The Google definition of anxiety is “a feeling of worry, nervousness, or unease, typically about an imminent event or something with an uncertain outcome.” Anxiety at this level can be healthy or unhealthy, depending on one’s reaction. Emotions like this can serve as a signal to an individual that “something’s up.” It operates similar to a warning flag thrown up by our brain, indicating to the nervous system to send out an alert that says, “Pay attention! There is something important happening here.”

Perhaps the source of the anxiety is a test that hasn’t been studied for enough, or a looming deadline. Or maybe there’s a legitimate situation that poses a plausible threat to safety. This might look like someone entering a situation that is reminiscent of a particular traumatic incident that happened in the past. Anxiety of this sort is a signal to take some kind of action.

While most individuals will experience anxiety to some extent in their lives, anxiety becomes a clinical issue when it grows beyond what is tolerable and manageable for an individual. Some estimates state that nearly 30 percent of adults will experience an anxiety disorder at some point in their lives.

So how do we respond to anxiety in a more healthy way?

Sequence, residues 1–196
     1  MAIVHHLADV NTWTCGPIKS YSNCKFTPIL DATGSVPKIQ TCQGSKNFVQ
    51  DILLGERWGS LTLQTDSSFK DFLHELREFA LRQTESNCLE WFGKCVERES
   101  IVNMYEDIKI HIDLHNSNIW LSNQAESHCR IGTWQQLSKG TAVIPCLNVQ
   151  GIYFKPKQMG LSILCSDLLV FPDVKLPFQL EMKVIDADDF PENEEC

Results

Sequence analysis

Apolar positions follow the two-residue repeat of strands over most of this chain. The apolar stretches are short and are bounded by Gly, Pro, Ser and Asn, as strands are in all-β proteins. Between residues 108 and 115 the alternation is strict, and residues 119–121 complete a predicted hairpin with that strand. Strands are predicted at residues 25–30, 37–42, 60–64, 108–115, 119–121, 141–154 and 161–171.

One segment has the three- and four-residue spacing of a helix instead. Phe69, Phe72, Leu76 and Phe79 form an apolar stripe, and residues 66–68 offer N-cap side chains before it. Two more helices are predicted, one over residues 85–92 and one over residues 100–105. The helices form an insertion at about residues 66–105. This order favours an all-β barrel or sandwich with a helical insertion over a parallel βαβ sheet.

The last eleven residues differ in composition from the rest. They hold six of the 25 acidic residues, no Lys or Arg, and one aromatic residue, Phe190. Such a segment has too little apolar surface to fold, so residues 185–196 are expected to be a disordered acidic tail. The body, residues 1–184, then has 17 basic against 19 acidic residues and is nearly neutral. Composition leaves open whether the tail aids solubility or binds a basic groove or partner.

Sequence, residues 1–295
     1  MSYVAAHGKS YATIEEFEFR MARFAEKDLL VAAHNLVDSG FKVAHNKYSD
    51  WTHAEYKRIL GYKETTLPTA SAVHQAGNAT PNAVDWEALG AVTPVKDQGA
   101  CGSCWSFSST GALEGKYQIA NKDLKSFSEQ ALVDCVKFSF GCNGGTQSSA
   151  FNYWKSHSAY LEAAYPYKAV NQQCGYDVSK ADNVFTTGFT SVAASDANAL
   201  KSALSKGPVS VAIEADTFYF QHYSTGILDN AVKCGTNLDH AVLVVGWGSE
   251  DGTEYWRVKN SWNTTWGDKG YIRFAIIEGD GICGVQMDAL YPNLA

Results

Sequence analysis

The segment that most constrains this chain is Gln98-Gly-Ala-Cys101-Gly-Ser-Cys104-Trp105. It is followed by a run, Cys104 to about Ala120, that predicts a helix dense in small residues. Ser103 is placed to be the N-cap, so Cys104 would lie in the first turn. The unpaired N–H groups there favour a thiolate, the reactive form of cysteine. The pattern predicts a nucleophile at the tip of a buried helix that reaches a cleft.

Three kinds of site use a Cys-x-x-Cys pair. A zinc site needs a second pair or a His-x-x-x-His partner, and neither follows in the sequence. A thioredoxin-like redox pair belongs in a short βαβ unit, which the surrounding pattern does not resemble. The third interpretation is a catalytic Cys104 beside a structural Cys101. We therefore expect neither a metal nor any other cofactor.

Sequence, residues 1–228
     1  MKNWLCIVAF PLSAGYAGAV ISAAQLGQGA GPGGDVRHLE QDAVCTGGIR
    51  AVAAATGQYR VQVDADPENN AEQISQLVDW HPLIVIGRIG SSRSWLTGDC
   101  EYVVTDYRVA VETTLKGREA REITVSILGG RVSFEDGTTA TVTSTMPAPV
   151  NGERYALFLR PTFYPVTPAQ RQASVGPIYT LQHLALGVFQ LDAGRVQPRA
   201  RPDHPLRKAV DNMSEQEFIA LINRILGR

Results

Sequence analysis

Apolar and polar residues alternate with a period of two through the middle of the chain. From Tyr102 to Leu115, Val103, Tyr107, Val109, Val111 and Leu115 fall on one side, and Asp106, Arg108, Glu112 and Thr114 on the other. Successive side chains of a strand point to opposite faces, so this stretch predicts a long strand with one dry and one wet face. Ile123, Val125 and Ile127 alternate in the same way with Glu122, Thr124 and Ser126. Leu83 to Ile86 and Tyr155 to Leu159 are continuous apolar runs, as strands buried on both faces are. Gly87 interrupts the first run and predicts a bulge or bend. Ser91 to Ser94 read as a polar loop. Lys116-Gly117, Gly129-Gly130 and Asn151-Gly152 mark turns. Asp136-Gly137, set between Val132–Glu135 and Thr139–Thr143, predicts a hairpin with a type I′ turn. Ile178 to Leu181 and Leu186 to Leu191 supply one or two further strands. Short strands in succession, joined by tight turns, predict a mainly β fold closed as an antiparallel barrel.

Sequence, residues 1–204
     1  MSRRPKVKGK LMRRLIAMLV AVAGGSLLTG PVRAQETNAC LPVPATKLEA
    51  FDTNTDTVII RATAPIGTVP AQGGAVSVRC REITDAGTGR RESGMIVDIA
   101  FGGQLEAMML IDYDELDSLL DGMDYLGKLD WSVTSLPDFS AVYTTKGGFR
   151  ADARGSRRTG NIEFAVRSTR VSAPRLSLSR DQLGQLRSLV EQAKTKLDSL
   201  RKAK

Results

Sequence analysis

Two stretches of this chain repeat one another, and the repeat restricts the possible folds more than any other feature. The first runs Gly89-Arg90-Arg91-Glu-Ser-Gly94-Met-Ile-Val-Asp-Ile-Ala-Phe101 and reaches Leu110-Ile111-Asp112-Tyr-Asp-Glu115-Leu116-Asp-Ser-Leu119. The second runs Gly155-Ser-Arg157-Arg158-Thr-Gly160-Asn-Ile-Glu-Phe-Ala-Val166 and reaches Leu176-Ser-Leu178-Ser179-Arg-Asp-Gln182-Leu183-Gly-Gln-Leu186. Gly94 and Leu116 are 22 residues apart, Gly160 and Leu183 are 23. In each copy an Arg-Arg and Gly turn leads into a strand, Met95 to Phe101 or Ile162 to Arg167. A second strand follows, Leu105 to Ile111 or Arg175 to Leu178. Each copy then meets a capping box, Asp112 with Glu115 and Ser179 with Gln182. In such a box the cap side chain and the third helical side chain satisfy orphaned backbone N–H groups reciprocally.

Daniel Siegel, MD developed the concept of a window of tolerance that represents the middle of the spectrum that looks at one’s ability to effectively cope with events and stressors that life throws their way. It represents the intersection between healthy brain, body and mind function and coordination. When a person is operating within their window of tolerance, they remain alert and able to identify their feelings, their thoughts and their body’s responses. Here, they are also able to respond to and effectively process stimuli.

Signs that someone is functioning within their window of tolerance include the ability to:

  1. Feel and think simultaneously
  2. Experience empathy
  3. Tolerate emotions
  4. Stay aware of the present moment
  5. Remain open and curious about their experience
  6. Maintain awareness of boundaries
  7. React appropriately to fit the situation
  8. Feel safe

The size of everyone’s window of tolerance varies. However, ideally, the window of tolerance should be broad—like a window flung open on a sunny, breezy day. Stress and trauma experienced over time can narrow the window of tolerance—like a semi-closed window on a windy, rainy day. A therapist who specializes in trauma can help reduce your trauma response.

Unhealthy responses can occur when people begin to become dysregulated and move into a hyper- or hypo-aroused state. Hyperarousal is the place “above” the window of tolerance where there is too much arousal and the nervous system moves into “fight and flight” types of responses. Signs that anxiety is escalating into hyper-arousal include: